Tate Liverpool Exhibition

Stanley Spencer: A Sort of Heaven Free entry

Stanley Spencer Tate Liverpool Exhibition

For Stanley Spencer, love was like imagination. It could transform the everyday world into 'a sort of heaven'.

Love is the essential power in the creation of art and love is not a talent. Love reveals and more accurately describes the nature and meaning of things than any mere lecture on technique can do.

This display shows the wide range of Spencer's work and allows the viewer to decide how far his religious, portrait and landscape paintings belong together. Spencer imagined a home for them all in a 'Church-House' which was never built. He believed the congregation of his pictures would celebrate the 'marriage or spiritual union' between 'what in me has been revealed and what outside of myself has revealed it'. His complex vision was the source of both frustration and exhilaration.

Spencer's involvement in the war marked the end of this early visionary period:

My ideas were beginning to unfold in fine order when along comes the war and smashes everything. When I came home (from the war) the divine sequence had gone. I just opened a shutter in my side and out rushed my pictures anyhow. Nothing was ever the same again.

In 1920 Spencer embarked on a series of paintings depicting Christ's Passion - the events leading up to the crucifixion. In Christ Carrying the Cross 1920, Spencer wanted to 'take the inmost of one's wishes, the most varied religious feeling in one's thought, and to make it an ordinary fact of the street like the edge of the roof.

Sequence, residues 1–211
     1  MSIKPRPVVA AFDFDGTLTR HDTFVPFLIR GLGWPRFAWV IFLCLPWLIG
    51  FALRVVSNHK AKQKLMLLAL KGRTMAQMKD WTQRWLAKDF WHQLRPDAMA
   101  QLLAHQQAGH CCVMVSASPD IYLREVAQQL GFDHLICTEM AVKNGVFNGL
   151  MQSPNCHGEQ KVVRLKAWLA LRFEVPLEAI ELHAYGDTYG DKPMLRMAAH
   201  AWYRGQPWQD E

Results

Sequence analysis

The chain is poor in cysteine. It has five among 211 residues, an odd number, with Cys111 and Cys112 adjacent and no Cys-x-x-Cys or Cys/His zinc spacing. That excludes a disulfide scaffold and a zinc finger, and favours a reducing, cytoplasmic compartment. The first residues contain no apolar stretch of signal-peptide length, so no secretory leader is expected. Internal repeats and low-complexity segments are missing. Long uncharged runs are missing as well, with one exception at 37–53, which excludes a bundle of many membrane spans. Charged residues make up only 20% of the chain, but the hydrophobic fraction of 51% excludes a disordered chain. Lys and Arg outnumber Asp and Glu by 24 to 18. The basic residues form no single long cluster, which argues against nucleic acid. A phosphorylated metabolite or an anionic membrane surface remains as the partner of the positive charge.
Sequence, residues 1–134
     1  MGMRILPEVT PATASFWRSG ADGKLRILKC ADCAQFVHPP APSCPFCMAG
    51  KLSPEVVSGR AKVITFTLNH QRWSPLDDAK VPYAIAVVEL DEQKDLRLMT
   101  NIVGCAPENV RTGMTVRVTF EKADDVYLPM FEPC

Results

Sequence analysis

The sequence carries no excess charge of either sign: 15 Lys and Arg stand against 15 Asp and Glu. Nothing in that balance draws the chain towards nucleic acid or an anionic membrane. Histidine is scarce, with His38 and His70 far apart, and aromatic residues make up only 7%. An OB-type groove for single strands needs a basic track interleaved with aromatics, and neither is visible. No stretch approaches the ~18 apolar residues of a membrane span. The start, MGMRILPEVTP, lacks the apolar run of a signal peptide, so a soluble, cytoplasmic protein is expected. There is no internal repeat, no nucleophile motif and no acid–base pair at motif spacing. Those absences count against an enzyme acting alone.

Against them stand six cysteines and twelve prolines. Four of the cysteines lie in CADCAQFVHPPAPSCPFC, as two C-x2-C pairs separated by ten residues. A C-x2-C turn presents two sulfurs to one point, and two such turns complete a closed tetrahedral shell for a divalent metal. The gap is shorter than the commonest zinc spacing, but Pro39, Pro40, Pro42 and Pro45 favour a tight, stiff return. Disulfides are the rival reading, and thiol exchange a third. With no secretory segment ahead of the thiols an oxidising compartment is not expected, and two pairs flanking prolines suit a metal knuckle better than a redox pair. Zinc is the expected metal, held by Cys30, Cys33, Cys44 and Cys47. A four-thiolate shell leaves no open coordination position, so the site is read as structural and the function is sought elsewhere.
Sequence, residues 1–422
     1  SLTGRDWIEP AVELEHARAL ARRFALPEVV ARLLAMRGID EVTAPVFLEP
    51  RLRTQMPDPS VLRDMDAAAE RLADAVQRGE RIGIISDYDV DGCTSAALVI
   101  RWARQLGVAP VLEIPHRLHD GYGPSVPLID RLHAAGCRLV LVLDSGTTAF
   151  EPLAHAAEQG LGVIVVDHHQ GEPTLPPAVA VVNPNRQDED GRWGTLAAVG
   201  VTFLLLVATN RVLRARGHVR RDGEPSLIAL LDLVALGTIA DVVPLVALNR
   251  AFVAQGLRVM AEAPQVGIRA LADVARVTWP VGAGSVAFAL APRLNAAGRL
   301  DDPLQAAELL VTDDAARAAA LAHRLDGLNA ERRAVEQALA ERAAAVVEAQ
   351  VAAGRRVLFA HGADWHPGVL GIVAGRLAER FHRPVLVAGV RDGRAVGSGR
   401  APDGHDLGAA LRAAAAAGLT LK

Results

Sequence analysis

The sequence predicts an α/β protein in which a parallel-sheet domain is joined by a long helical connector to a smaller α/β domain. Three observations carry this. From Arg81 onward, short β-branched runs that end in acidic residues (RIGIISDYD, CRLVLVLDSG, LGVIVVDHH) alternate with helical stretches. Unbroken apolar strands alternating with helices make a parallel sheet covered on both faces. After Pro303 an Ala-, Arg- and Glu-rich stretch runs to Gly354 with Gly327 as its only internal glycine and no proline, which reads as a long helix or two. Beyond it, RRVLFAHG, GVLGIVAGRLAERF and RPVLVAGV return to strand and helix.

Throughout his life Spencer painted landscapes. He said he had never intended to be a landscape painter, doing them mainly to earn money. It is ironic that his landscapes were always popular since he seldom enjoyed painting them. It irritated him that they sold well when his other kinds of pictures were sometimes ridiculed or misunderstood.

I have more or less only been a camera: a camera that had some inkling of what I liked...

This display also represents the different kinds of portraits which Spencer produced throughout his life. He made his first oil self-portrait in 1913 - a larger than life depiction of youthful determination and confidence. His last self-portrait, painted in 1959, shows the artist at the end of his life still looking intently at himself. Spencer wrote, 'I feel all the time how much my shows need these nudes'. He planned to give them a room to themselves, but also liked to imagine them hung alongside his other work, to show 'the variety which is so refreshing'.

Tate Liverpool

Royal Albert Dock Liverpool
Liverpool L3 4BB
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10 March 1992 – 7 January 1993

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